By KEVIN MCCALLUM
THE PRESS DEMOCRAT
When it comes to parking, society affords disabled drivers some notable privileges.
They receive prime reserved parking spaces and get free parking in public spaces all day, every day.
But an increasing number of able-bodied drivers appear to be abusing those privileges by using disabled windshield placards that are forged, expired or don’t belong to them.
“The dishonesty in people blows me away,” said Toni Guanella, Santa Rosa’s parking supervisor.
To combat the problem, Guanella on Tuesday will ask the City Council to authorize steep new fines — $750 — for people misusing disabled placards.
Currently, city parking enforcement officers who suspect someone is misusing a disabled placard to get free parking can issue a $33 citation, the same fine someone gets when they forget to feed the meter. Fines for illegally parking in a marked handicapped spot are $288.
Criminal penalties of up to $3,500 can apply for multiple offenses, but those must be enforced by police officers through the issuance of misdemeanor citations.
In 2009, Gov. Arnold Schwarzenegger signed a law aimed at curtailing placard abuse. It allows local jurisdictions to impose fines of $250 to $1,000.
Last year, there were 2.4 million disabled placards in the state, the equivalent of 11 percent of the 22 million registered vehicles, according to the Department of Motor Vehicles. In Sonoma County, there were nearly 32,000 placards, a number that had grown 165 percent since 1994. The county’s population rose 16 percent over the same period.
Over the past six months, Santa Rosa parking enforcement officers have confiscated at least 40 placards suspected of being misused, Guanella said.
The main reason the city wants to clamp down is to free up spaces for people who need them, said Cheryl Woodward, the city’s parking director.
“It’s really intended to deter folks who are deliberately misusing the system and creating problems for folks who are legitimately entitled to use disabled spaces,” Woodward said.
The city also has a financial incentive to limit abuse.
The placards entitle drivers to park not only in prime designated spaces, but also in all metered spaces for free with no restrictions. That means a disabled driver can occupy a spot on the street in front of a downtown office or business all day. The same goes for city garages and surface lots.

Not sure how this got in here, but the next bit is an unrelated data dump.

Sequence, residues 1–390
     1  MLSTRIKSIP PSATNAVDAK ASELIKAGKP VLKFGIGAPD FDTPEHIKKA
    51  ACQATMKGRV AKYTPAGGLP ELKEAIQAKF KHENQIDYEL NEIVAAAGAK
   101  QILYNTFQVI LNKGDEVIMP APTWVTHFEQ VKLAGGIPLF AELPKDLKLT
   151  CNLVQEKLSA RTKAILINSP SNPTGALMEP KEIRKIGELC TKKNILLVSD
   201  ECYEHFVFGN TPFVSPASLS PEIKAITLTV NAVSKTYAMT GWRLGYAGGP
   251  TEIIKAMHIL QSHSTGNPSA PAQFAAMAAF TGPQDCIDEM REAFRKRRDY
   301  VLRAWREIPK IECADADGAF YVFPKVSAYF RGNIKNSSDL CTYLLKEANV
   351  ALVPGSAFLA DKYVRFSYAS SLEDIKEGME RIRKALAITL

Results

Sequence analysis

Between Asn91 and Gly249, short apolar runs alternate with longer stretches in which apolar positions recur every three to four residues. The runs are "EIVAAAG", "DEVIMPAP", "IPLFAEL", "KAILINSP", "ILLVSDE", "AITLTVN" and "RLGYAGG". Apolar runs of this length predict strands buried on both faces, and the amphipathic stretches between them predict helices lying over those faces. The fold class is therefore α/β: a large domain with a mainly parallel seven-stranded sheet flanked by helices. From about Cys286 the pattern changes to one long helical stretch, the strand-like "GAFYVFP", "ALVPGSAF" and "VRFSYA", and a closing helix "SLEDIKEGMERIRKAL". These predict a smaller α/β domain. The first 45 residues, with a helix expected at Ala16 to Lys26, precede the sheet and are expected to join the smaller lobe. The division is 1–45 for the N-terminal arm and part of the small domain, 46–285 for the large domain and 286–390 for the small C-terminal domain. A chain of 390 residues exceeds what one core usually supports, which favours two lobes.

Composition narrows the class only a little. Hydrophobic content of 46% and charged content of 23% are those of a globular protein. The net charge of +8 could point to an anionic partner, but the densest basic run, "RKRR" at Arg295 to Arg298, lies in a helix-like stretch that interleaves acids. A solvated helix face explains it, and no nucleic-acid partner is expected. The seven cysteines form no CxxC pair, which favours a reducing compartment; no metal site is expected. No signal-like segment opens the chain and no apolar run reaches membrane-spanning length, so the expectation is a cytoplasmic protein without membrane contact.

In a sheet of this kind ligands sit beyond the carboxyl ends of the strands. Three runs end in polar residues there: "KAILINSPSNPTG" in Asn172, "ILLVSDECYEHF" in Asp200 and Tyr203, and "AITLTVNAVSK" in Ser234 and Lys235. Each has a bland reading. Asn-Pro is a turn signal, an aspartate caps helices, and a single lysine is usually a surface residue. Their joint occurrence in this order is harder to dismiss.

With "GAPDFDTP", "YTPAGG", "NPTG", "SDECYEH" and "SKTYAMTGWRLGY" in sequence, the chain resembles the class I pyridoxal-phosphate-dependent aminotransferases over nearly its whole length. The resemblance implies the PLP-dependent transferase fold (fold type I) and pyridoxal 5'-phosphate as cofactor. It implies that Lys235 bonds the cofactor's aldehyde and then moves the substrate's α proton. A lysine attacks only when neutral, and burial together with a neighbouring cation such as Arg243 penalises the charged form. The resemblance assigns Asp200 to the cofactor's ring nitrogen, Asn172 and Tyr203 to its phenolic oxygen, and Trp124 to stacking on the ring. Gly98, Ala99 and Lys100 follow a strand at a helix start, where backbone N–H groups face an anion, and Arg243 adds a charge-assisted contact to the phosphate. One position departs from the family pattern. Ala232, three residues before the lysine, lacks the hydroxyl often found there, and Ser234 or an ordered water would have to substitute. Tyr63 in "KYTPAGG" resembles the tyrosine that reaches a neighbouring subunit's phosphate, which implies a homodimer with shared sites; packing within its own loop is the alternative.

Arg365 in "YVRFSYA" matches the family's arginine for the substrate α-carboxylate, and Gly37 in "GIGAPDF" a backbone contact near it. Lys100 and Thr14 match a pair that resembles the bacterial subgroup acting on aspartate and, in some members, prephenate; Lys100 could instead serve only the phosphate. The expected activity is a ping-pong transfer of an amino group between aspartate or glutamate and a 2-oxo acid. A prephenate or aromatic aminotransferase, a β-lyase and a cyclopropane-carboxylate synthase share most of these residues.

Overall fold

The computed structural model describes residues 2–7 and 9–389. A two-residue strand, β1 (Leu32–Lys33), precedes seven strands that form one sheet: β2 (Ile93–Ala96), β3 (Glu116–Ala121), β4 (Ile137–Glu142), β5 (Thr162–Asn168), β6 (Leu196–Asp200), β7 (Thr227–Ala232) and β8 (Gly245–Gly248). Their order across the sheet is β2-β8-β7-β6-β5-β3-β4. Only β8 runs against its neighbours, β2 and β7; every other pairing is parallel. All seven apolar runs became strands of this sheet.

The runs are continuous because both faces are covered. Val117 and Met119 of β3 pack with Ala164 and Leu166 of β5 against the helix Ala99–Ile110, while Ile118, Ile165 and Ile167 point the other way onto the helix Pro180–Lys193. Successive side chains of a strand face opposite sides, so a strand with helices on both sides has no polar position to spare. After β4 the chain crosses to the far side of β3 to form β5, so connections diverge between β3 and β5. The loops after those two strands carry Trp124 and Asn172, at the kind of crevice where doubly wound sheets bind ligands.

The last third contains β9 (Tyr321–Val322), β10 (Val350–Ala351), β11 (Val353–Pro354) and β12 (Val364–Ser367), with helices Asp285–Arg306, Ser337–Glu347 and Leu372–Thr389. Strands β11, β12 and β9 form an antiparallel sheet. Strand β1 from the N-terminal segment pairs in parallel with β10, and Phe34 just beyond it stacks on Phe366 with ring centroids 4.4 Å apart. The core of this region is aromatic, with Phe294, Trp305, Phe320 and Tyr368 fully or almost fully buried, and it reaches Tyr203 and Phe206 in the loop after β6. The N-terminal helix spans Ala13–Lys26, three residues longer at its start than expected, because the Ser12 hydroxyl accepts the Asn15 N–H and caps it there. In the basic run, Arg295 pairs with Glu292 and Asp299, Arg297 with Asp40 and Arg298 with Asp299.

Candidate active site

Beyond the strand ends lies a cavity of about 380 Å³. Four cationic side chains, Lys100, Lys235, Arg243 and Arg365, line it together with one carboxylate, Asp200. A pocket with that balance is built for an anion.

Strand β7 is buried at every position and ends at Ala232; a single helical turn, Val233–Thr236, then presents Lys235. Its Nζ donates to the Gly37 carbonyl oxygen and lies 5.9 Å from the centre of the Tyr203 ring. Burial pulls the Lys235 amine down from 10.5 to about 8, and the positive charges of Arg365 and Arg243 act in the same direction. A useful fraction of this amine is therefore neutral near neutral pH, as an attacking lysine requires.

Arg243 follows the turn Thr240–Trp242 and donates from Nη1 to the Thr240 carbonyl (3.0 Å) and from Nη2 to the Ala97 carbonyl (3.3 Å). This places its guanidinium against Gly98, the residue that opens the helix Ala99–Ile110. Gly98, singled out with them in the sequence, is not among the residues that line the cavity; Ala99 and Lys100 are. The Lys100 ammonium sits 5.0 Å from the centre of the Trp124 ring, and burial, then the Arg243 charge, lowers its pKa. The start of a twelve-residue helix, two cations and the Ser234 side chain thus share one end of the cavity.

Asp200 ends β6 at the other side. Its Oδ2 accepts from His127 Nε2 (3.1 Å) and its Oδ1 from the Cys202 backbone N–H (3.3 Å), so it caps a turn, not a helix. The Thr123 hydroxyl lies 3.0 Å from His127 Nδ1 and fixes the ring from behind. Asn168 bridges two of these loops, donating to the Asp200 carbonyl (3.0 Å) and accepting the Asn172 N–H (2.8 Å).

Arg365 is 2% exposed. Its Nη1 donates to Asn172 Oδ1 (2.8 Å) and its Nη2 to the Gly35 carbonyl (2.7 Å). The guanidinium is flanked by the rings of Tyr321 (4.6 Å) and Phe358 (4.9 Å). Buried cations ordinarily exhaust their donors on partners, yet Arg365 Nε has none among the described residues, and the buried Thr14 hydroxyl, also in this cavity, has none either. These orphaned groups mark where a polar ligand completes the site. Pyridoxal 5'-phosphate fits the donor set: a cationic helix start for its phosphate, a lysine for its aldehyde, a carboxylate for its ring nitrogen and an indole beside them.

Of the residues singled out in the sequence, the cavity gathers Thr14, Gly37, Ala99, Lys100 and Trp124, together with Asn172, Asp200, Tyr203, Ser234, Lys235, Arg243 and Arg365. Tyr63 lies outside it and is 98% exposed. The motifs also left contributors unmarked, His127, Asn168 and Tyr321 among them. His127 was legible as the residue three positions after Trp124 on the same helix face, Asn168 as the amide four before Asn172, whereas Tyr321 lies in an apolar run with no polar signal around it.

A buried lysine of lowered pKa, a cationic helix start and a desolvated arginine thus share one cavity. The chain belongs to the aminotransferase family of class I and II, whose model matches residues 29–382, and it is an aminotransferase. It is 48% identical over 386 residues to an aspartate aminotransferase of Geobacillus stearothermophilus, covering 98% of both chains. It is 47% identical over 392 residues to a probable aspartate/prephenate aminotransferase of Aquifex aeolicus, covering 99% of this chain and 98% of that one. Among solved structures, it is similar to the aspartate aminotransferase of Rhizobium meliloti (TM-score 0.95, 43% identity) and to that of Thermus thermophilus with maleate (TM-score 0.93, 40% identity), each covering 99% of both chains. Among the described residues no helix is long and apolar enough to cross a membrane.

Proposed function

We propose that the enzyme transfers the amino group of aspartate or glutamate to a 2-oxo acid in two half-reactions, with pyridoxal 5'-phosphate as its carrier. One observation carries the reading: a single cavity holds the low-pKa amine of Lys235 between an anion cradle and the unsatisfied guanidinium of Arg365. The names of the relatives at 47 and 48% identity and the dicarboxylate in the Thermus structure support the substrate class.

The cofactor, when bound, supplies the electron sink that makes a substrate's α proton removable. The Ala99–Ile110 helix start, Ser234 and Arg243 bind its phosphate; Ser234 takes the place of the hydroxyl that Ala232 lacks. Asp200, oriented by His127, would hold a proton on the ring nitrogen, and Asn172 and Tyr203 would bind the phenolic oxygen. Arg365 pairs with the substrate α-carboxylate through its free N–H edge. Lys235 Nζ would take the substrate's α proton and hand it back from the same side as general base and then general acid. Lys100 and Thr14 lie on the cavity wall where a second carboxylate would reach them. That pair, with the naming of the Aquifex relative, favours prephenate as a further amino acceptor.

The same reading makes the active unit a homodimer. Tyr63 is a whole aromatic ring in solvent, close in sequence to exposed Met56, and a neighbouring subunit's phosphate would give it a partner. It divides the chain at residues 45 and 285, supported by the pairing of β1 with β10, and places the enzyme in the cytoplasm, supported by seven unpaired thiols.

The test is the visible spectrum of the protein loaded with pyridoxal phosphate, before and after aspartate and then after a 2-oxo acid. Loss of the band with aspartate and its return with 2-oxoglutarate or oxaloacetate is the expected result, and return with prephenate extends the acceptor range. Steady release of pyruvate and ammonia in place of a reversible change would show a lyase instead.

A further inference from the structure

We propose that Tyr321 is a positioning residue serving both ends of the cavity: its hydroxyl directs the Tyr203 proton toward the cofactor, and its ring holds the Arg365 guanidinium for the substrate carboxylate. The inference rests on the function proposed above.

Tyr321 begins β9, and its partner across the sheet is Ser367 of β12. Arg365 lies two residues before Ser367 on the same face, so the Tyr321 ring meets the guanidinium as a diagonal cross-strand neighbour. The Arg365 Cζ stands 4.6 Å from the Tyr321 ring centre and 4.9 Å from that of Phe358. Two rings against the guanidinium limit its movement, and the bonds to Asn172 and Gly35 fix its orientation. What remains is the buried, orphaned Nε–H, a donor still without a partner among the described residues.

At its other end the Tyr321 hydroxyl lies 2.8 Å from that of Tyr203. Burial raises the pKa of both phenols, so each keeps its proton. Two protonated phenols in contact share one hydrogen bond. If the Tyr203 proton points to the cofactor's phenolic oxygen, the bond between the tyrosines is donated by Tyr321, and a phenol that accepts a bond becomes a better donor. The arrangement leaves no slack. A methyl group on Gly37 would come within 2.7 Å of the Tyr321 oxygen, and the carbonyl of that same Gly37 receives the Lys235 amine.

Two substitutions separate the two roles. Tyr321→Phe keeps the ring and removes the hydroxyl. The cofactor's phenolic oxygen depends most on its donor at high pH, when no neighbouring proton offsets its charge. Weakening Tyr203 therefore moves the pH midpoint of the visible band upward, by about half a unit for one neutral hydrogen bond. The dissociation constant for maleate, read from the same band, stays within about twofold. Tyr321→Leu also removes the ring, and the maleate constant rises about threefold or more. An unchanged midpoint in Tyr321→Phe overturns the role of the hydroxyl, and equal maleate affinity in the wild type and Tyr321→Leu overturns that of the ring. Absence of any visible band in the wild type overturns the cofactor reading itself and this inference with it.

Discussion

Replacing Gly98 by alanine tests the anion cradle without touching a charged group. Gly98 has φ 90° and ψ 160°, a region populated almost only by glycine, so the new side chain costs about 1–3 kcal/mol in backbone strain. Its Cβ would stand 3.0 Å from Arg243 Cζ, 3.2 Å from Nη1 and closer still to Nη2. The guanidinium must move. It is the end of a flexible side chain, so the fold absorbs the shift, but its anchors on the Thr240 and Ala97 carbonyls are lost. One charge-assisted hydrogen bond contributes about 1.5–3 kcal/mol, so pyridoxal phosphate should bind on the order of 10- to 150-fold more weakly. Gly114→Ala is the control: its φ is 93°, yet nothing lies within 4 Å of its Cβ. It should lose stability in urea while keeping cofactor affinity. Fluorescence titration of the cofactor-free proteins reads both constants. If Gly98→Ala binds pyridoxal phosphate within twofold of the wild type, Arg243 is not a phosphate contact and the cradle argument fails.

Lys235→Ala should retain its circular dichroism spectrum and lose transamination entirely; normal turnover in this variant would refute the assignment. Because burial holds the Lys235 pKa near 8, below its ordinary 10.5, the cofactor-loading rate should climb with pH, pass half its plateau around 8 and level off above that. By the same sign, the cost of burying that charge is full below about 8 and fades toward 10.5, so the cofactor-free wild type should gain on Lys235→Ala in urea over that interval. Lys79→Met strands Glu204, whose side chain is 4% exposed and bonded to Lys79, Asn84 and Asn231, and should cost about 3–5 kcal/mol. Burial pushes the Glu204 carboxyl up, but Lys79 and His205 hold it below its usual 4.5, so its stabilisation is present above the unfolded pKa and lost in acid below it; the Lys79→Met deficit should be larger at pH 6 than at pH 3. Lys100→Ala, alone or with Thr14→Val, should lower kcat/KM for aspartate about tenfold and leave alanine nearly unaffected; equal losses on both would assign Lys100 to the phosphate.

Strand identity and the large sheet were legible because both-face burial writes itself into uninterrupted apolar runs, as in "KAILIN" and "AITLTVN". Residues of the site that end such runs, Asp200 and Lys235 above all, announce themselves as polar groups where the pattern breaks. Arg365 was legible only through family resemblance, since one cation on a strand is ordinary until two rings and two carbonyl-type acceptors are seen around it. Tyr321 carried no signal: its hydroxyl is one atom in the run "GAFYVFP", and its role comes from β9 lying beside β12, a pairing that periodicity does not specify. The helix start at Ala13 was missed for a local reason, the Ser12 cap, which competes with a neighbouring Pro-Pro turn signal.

If people are misusing those placards, that’s lost revenue for the parking district, though Woodward said that is not the city’s motivation for the new fines.
Often it’s not parking enforcement officers who spot the abuse, but people who resent seeing others game the system.
One typical incident involved a downtown merchant calling to report a woman in her 20s who was in the habit of dashing across the street in high-heels on her way to a salon. The city investigated and found the placard was issued to a man in his 40s. The permit was revoked by DMV over the abuse, Guanella said.
In another incident, a woman told co-workers she drove her husband’s truck to work because its placard meant she didn’t have to pay to park in a city garage. They reported her and the placard was confiscated.
One common abuse occurs when a temporary placard is used after it’s expired. There are two types of placards. One is for people with temporary ailments, such as a broken ankle, and are issued for a duration determined by a health care provider. Placards for people with permanent disabilities are for two years and are automatically renewed.
Offenders have forged placards by changing the dates. Others misappropriate placards after a family member dies, an abuse made possible because the DMV automatically mails renewal placards to the last known address but doesn’t have a system to track deaths, Guanella said.
“They just don’t have any tracking at all for these,” she said.
The fines are appealable through the city process and courts. San Francisco’s fine for the same offense is $935.
Aware that $750 is a stiff penalty for many people, city officials said they will try to separate those who intended to defraud from, for example, an elderly person whose valid permit had recently expired, Guanella said.
“We will have the same philosophy we have on every one of our parking tickets,” she said. “There will be flexibility.”